On a windy night in Buffalo in which kicks and passes alike floated into the unknown, the fifth-seeded Baltimore Ravens and second-seeded Buffalo Bills earned every point they could get. Josh Allen and Stefon Diggs scored the game's first touchdown and Bills defensive back Taron Johnson's electric 101-yard interception return for a score essentially sealed it, as the Ravens' comeback bid saw Lamar Jackson injured in the fourth quarter. It all added up to the Bills defeating the Ravens, 17-3, on Saturday to advance to their first AFC Championship Game since the 1993 season, where they'll face the Chiefs.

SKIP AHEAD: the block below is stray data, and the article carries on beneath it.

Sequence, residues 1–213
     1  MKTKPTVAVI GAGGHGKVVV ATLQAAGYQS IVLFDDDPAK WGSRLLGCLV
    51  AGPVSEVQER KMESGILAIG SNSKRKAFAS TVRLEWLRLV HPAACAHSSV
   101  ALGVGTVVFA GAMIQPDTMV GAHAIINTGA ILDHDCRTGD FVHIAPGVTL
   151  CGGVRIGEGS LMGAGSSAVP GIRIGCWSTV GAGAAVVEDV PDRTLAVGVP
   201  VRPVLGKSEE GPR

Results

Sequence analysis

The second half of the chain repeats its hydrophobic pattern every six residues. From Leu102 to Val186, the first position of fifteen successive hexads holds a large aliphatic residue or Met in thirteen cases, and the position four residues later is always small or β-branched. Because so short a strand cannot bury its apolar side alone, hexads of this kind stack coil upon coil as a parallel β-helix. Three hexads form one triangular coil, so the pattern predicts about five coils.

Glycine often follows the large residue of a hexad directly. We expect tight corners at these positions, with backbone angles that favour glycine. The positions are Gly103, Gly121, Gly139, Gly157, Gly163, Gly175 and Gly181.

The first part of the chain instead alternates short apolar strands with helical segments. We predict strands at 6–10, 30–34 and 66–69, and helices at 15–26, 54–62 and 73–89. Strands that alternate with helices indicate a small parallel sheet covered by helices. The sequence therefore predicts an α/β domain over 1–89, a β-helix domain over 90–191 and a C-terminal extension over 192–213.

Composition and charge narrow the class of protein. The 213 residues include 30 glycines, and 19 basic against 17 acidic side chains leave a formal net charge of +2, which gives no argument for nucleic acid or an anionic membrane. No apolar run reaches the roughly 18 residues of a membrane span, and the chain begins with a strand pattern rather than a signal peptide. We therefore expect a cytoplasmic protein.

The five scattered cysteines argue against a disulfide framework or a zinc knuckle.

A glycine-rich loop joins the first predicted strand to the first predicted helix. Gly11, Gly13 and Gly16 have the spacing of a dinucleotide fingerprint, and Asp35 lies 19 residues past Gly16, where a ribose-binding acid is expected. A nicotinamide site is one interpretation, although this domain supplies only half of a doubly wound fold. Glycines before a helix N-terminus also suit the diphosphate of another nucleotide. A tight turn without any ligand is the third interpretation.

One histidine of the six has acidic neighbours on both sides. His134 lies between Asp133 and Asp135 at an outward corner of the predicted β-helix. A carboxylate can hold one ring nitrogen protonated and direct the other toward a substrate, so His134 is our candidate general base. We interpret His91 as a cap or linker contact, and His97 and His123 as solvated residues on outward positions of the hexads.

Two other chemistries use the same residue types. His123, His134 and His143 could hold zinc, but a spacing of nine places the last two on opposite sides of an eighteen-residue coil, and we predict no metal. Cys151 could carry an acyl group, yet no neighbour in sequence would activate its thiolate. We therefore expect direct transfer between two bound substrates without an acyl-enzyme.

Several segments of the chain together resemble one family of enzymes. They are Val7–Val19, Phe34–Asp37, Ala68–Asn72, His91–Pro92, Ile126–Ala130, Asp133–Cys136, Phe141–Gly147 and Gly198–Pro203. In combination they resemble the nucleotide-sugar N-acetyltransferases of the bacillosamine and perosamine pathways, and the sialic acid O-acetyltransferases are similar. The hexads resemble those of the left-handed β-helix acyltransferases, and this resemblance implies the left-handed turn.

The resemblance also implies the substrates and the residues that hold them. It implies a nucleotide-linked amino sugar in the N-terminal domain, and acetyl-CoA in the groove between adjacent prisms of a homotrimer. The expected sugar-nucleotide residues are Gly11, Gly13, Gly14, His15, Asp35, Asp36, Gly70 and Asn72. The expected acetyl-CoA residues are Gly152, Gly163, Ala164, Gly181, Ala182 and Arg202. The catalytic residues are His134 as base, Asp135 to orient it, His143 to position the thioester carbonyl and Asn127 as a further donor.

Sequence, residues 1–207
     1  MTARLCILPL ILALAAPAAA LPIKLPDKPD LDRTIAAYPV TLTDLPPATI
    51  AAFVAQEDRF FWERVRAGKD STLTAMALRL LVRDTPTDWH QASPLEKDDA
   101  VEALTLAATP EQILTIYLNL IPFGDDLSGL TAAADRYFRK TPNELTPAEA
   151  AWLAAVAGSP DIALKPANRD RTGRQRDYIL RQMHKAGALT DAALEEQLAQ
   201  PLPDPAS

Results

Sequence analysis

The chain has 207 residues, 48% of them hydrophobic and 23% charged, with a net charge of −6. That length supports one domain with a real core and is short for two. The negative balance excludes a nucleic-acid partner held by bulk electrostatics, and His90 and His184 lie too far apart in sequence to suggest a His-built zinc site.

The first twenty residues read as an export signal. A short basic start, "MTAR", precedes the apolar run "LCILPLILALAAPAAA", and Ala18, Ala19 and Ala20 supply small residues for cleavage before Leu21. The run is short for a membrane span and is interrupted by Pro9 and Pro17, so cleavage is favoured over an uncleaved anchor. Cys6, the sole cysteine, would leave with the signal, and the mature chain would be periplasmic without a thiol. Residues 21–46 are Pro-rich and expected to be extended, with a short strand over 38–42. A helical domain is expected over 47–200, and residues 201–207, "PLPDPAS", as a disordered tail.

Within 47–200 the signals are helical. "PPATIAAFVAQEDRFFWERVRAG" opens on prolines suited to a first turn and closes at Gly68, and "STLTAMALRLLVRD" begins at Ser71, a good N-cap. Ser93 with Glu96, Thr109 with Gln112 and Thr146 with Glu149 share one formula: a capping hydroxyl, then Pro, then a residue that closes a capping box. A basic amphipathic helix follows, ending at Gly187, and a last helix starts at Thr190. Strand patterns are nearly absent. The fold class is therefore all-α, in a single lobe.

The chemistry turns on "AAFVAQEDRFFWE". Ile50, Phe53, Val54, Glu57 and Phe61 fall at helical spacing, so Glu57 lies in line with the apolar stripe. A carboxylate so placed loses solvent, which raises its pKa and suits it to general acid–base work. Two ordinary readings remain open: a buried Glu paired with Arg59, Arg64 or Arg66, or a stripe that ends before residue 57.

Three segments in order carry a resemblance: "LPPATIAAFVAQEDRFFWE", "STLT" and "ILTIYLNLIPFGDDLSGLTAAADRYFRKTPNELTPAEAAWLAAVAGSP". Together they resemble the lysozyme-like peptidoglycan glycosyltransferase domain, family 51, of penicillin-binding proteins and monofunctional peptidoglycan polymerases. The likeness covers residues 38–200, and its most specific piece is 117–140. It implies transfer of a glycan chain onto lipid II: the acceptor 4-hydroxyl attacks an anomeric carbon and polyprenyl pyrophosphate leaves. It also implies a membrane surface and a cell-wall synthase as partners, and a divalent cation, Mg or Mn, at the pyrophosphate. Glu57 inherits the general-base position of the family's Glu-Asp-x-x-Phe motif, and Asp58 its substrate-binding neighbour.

1) The Divisional Round brought us a matchup sure to be a barn-burner Saturday night, with two of the NFL's hottest teams clashing in Western New York. Both ditched defensive tendency, leading to a slog of a first half in which each offense used the majority of the first two quarters to figure out what these defenses were doing while producing a combined total net yardage of 294 and converting just 4 of 12 third-down attempts. Buffalo's change in approach came in its blitz frequency. Defensive coordinator Leslie Frazier bought into bringing the heat from the beginning, posting a blitz rate of 41.5 percent (per Next Gen Stats), a mark that finished well above Buffalo's typical rate of 35 percent and was over 50 percent at one point late in the second quarter. Baltimore chose to do the opposite, blitzing on just 25.6 percent of Josh Allen drop-backs. Buffalo also committed to matching Baltimore's two-back attack, going with a base personnel grouping on all 20 of Baltimore's two-back plays in the first half, a massive reversal of tendency (Buffalo only used base personnel on 6 percent of defensive plays in the regular season). Each team struggled to find a rhythm as a result, making for a low-scoring affair and a 3-3 tie headed into the half.